Alaska Seafood Marketing Institute

Alaska Pollock Rainbow Bowl

Why Healthy Seafood Can Be Lucrative for Restaurants

As more diners crave functional foods, seafood is a prime target for restaurants to explore.

Diners have grown increasingly health conscious over the past few years, and seafood holds a prime place in the nutritional landscape for their lean qualities, functional benefits, and great flavor. And research suggests that seafood also gives restaurants a prime opportunity to entice guests. While the USDA’s 2015-20 Dietary Guidelines for Americans states that individuals should consume at least two servings of seafood every week, the NPD Group reports that many consumers are not confident in their abilities to select and prepare seafood for themselves at home.

This means that many diners eat out to get the functional benefits of seafood that they want, especially if it is served in exciting ways. It’s important for restaurants to be uncompromising in terms of offering both great taste and healthy benefits. By choosing flavorful, wholesome fish and pairing them with bold seasonings and sides, restaurants can not only appeal to diners looking for a healthy dish, but also entice them to come back for more.

“Guests tend to look to seafood when they want to fill a protein need with a lower calorie or lower fat choice,” says Sharon Lykins, senior director of product innovation at Denny’s. “By offering high-quality seafood options, we are able to meet the needs of the modern customer in a way that helps to drive consideration.”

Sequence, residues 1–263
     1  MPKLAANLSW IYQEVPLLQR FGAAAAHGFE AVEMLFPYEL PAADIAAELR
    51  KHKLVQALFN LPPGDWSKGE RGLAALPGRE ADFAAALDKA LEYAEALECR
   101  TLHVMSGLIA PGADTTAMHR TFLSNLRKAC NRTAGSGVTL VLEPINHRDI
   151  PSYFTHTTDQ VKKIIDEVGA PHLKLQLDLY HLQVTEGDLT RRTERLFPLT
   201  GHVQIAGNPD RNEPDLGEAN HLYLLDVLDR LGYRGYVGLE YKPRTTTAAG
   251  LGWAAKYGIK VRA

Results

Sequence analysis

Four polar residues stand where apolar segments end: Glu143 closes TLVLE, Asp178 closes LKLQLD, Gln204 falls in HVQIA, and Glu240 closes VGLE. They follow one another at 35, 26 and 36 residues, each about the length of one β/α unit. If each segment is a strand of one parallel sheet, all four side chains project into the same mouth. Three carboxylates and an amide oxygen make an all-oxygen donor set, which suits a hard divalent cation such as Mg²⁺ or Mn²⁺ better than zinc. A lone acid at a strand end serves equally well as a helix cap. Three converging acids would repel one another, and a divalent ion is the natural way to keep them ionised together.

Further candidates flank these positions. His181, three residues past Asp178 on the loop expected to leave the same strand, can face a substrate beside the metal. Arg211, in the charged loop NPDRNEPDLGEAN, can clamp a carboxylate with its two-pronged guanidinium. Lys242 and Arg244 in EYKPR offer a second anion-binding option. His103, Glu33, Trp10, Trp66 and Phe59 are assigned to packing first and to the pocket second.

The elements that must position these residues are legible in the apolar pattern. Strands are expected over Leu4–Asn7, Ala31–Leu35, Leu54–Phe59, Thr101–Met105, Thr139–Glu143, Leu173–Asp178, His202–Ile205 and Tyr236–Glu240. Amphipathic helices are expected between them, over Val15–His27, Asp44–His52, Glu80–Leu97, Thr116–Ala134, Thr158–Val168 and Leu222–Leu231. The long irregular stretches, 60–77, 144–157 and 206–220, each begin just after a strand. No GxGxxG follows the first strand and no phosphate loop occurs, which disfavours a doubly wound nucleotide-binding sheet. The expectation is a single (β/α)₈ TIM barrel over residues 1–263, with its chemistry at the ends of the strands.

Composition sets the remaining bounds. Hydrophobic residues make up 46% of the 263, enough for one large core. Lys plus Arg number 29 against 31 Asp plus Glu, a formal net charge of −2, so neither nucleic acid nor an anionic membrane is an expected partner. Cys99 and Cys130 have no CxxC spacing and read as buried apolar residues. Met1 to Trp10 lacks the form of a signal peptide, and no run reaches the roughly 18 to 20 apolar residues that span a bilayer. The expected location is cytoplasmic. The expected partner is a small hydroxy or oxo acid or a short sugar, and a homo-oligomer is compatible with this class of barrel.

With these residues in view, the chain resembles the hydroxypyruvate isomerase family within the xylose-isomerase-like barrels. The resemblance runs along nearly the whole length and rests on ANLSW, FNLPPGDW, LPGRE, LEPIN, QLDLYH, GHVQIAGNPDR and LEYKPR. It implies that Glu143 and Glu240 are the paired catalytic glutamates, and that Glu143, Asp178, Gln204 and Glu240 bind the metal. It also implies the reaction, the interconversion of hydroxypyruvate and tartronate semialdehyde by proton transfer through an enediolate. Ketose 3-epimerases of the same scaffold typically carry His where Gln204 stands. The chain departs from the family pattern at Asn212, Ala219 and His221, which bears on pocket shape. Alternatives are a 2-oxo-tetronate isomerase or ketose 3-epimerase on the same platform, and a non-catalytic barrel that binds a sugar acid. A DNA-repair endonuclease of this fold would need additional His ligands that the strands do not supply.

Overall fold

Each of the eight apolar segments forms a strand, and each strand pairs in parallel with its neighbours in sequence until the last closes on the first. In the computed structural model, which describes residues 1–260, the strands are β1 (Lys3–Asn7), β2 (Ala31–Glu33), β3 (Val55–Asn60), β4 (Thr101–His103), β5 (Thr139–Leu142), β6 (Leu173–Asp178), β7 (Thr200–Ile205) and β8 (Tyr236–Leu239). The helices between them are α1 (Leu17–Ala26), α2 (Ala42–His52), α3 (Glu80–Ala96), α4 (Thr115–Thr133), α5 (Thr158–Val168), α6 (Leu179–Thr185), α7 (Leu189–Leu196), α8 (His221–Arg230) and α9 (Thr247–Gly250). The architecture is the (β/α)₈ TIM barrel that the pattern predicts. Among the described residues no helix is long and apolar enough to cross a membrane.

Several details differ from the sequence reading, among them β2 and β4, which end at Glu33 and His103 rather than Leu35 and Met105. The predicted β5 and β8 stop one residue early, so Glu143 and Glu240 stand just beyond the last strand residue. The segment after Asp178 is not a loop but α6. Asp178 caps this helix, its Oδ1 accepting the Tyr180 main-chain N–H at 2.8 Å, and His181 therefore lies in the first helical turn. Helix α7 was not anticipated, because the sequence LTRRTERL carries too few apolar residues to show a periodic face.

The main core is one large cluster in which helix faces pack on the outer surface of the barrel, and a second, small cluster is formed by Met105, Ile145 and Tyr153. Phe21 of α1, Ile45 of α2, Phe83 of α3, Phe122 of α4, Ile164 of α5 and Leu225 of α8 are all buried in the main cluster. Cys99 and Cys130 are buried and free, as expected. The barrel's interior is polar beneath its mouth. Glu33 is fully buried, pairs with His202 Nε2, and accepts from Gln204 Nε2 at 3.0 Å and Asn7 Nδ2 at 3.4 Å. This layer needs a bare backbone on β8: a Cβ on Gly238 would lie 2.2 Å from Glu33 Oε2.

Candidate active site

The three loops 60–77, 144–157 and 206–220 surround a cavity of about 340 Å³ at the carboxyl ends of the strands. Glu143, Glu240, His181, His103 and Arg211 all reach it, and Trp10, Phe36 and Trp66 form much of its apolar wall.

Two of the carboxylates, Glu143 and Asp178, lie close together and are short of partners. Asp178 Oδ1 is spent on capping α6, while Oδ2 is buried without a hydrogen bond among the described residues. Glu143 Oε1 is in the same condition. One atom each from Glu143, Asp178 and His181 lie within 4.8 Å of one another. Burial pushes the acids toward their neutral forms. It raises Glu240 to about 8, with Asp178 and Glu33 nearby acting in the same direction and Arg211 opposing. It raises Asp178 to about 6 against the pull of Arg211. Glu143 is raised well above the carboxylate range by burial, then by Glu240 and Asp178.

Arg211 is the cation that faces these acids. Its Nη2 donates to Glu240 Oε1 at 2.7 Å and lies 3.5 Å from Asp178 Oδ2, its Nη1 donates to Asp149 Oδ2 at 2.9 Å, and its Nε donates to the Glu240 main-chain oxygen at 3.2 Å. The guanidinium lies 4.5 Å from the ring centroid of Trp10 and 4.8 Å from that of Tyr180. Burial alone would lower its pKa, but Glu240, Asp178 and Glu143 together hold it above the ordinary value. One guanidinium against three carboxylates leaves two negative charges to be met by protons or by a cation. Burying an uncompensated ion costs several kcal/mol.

Contemporary diners, however, want more than just low-calorie meals. They want food that tastes great while providing the added nutritional value, or functional value, that they need. For example, many diners will consume seafood specifically for the fact that it’s a tasty way to add omega-3 fatty acids to their diets, promoting heart health, suppressing inflammatory responses, improving blood flow, and aiding brain function. Others will eat items such as Alaska seafood, which carries a fresh taste, while also being naturally high in these acids and critical vitamins and minerals, such as vitamins E, A, D, and B-12, and zinc, iron, and calcium.

“At Denny's our Fit Fare menu, which includes Wild Alaska Salmon, features a number of different choices that address the health needs of today’s guests, such as dishes with lower fat or high protein, lower calories or high fiber, or dishes that are gluten free,” Lykins says. “We’ve also removed red, yellow, and blue dyes [across the menu], as well as other unwanted ingredients, in the last several years and continue to look for ways to meet the needs of our guests.”

Because it pairs these nutritional benefits with great flavor, Lykins says that Denny’s Fit Fare Wild Alaska Salmon entrée is one of the iconic chain’s most popular dishes. Not only does this offering feature a wild-caught Alaska salmon filet that provides so many health benefits, but its natural bold flavor is also paired with a blend of garlic, herbs, and fresh sides, making it both craveable and nutritional.

Naming the origin of the protein on the menu also allows the brand to appeal to even more guests, because many of today’s diners want to know where their food comes from. Calling out origins of seafood on menus, such as “Alaska salmon,” “Alaska cod,” or “Alaska pollock,” can help promote transparency and the wholesome image of the dish and the restaurant serving it. “For today’s guests, being able to feel good about where their food comes from plays a significant role in how they eat and where they dine,” Lykins says.